JSR News

Givendale Farm Receives Tye Trophy Award

10th June 2008

GIVENDALE Farm, part of the Garrowby Estate near Pocklington, has been named as the East Yorkshire area winner of the prestigious Tye Trophy, writes Robin Cradock, The Yorkshire Post.

The award recognises the contribution of farmers in Yorkshire and the North East to wildlife conservation and environmental protection and is organised by the Yorkshire Agricultural Society and the region's Farming and Wildlife Advisory Groups (FWAG).

The farm is one of the five area winners, and now goes forward to the finals with the overall winner announced on Wednesday July 9 at the Great Yorkshire Show at Harrogate.

All the area winners have the option of going forward to next year's Silver Lapwing Award.

The five areas represented are North Yorkshire, East Yorkshire, South & West Yorkshire, Northumberland and Tyne Tees.

The awards will be presented by Mrs Alison Saville who gave the trophy in 1989 in memory of her grandfather Howard Tye, founder of Tye Trailers, and also her father Kenneth Tye.

Now sponsored by the Yorkshire Agricultural Society, the awards are part of the society's charitable work which sees more than £1m allocated to aid to the farming community each year.

Givendale Farm is 507 hectares in size with the land split into two enterprises - 292 hectares of arable crops and 215 in grass.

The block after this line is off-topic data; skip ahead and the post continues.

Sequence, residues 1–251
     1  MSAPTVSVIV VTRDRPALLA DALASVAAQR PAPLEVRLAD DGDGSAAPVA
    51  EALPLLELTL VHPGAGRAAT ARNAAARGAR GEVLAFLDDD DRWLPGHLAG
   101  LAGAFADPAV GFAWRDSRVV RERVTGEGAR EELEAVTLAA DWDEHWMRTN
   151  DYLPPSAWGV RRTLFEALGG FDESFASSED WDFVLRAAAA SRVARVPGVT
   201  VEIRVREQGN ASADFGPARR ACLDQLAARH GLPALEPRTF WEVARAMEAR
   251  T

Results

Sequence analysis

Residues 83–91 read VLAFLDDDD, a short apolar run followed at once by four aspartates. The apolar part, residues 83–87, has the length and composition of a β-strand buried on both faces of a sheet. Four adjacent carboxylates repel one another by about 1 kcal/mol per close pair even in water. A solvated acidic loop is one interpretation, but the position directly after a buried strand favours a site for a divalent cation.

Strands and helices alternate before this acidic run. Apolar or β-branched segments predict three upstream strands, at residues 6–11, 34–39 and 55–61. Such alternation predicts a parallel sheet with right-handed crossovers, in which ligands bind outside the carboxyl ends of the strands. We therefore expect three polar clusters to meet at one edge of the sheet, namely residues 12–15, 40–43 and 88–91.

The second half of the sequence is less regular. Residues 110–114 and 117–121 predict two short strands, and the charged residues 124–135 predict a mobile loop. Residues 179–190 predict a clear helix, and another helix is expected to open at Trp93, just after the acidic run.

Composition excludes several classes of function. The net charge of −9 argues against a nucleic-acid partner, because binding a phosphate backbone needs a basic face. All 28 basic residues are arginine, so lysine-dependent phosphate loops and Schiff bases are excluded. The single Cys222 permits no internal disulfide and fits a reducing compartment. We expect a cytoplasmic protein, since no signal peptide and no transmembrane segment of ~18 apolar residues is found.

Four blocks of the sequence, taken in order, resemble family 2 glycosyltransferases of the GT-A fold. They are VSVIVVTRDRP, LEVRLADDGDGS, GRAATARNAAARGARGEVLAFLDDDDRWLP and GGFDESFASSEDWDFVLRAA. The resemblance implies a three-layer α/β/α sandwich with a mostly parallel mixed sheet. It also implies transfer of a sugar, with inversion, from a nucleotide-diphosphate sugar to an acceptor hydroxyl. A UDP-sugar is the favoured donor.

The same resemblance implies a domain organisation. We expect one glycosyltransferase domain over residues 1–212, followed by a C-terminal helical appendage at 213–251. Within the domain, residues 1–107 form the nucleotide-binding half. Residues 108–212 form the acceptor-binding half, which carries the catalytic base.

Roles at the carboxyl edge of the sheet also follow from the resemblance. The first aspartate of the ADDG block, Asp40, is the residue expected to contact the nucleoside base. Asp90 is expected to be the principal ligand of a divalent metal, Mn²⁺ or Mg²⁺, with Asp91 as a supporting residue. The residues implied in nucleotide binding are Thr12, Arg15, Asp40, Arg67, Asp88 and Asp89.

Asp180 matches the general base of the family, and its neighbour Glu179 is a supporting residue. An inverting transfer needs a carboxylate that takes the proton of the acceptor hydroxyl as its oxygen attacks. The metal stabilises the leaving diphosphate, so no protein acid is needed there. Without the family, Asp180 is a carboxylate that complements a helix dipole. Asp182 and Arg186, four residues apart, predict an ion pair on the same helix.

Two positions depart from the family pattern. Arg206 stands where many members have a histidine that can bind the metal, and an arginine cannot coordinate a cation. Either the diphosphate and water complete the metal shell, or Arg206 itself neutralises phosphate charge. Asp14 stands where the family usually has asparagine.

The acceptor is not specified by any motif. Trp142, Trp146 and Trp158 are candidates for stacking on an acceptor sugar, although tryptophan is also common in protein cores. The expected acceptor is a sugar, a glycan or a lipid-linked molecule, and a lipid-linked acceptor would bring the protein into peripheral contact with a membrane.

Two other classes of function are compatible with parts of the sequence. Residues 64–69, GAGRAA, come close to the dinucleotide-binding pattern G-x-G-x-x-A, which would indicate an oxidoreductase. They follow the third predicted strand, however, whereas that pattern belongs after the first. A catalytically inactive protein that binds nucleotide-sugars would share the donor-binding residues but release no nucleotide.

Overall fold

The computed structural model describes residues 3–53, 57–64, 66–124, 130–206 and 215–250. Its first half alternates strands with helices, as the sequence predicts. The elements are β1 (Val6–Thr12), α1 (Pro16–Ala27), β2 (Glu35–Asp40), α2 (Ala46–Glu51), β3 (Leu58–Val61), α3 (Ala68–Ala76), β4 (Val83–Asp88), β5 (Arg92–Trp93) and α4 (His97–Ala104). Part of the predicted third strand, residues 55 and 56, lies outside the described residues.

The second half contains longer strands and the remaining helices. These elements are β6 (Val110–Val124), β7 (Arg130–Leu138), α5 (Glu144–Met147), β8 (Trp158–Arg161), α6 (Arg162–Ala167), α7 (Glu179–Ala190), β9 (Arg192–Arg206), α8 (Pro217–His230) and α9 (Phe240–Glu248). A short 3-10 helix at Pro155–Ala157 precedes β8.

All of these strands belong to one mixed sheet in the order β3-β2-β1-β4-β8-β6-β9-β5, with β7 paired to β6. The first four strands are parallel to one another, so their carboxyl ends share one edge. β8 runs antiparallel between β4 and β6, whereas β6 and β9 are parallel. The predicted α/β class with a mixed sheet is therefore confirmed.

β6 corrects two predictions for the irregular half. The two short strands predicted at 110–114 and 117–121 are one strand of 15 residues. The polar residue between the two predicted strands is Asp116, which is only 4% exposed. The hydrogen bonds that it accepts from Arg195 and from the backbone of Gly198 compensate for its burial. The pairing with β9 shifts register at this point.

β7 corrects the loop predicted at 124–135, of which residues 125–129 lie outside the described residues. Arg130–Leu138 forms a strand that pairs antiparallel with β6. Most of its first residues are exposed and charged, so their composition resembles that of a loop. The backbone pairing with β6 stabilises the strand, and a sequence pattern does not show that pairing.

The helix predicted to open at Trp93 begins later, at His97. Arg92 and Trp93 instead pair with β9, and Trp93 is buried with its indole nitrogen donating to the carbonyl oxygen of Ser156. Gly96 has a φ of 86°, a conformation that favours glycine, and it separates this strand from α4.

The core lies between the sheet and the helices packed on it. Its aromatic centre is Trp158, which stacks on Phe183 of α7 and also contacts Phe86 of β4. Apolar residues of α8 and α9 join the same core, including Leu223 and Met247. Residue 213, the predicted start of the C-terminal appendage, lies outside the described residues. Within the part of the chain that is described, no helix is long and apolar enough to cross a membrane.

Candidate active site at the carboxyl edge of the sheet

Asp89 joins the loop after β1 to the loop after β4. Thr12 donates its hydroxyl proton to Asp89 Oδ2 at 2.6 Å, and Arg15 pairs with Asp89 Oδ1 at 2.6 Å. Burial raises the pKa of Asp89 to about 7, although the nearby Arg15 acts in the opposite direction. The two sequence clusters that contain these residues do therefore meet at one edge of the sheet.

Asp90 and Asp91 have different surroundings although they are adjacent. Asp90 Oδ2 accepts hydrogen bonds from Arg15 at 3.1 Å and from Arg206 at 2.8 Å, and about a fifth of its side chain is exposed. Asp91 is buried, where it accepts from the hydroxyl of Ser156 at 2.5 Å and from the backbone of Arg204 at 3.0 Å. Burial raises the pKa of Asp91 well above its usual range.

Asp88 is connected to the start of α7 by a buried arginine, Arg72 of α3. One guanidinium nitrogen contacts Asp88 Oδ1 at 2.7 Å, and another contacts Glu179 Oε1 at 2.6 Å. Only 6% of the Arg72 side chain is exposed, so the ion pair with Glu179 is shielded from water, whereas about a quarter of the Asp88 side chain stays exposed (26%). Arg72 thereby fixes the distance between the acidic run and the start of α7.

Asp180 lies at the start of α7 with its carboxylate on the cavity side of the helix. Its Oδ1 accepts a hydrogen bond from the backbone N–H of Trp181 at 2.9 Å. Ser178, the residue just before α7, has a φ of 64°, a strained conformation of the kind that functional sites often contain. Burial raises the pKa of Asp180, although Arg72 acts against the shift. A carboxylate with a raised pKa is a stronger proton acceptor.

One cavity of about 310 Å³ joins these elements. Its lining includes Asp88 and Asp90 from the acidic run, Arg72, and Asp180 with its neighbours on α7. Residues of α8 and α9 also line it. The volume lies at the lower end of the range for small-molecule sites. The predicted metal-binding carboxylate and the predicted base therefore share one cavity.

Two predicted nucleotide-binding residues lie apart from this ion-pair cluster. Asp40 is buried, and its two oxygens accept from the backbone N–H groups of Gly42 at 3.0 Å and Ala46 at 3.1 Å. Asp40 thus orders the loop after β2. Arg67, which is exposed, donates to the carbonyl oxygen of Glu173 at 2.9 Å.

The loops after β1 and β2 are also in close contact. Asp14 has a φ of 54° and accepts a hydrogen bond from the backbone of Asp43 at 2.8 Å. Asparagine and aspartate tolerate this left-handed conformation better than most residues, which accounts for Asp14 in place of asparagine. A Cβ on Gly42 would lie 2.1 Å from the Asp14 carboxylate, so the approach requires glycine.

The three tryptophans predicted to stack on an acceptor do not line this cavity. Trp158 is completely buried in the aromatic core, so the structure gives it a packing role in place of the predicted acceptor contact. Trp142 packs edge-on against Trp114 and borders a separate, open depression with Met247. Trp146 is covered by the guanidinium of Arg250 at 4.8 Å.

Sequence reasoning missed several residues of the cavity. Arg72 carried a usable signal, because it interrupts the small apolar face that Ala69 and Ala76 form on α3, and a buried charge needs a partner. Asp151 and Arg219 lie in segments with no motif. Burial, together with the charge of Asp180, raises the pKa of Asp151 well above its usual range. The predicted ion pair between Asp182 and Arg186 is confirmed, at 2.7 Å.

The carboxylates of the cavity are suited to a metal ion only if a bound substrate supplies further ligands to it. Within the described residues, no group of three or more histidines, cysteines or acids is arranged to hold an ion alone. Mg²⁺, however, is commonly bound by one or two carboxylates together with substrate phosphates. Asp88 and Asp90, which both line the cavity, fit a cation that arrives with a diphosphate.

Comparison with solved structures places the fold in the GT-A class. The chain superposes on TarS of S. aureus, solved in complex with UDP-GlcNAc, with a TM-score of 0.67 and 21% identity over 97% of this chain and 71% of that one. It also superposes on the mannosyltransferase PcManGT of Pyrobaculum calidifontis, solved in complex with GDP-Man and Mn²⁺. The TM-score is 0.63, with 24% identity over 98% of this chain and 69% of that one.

It has been rented from Garrowby Estates since 1974 by JSR Farms Ltd and managed since then by Richard Fuller. Farm policy has focused on developing the livestock, arable and environmental activities while simultaneously promoting landscape and wildlife conservation.

Mr Fuller said: "For the last three decades we have focused on developing natural habitats and encouraging indigenous wildlife, such as the Marbled White butterfly and Pyramidal Orchid."

Extensive Countryside Stewardship Schemes have been in place since 1991 focusing on improving the biodiversity of chalk grassland, streamside habitats and hedgerow improvements including field margin establishment.

The farm was accepted into Defra's Higher Level Stewardship Scheme two years ago.

Conservation work began in 1975 when four large ponds were constructed and work started on improving the hedgerow network. In 1991 another pond was built and 25 hectares were entered into Countryside Stewardship to encourage wild flowers and butterflies.

Around 6,000 metres of new hedgerows have been planted and about 10,000 metres have been improved by gapping up and allowing them to grow to three metres in height. Every hedge has a one, two or six-metre field margin next to it, providing an essential habitat for a diversity of wildlife.

The main shrub in the hedgerows is Hawthorn but there is also Blackthorn, Guelder Rose, Dog Rose and Hazel - the diversity helping the insect and bird population. New hedges have been planted in lines to join up existing ones and to line main areas of habitat such as woodlands and wetland in the valleys.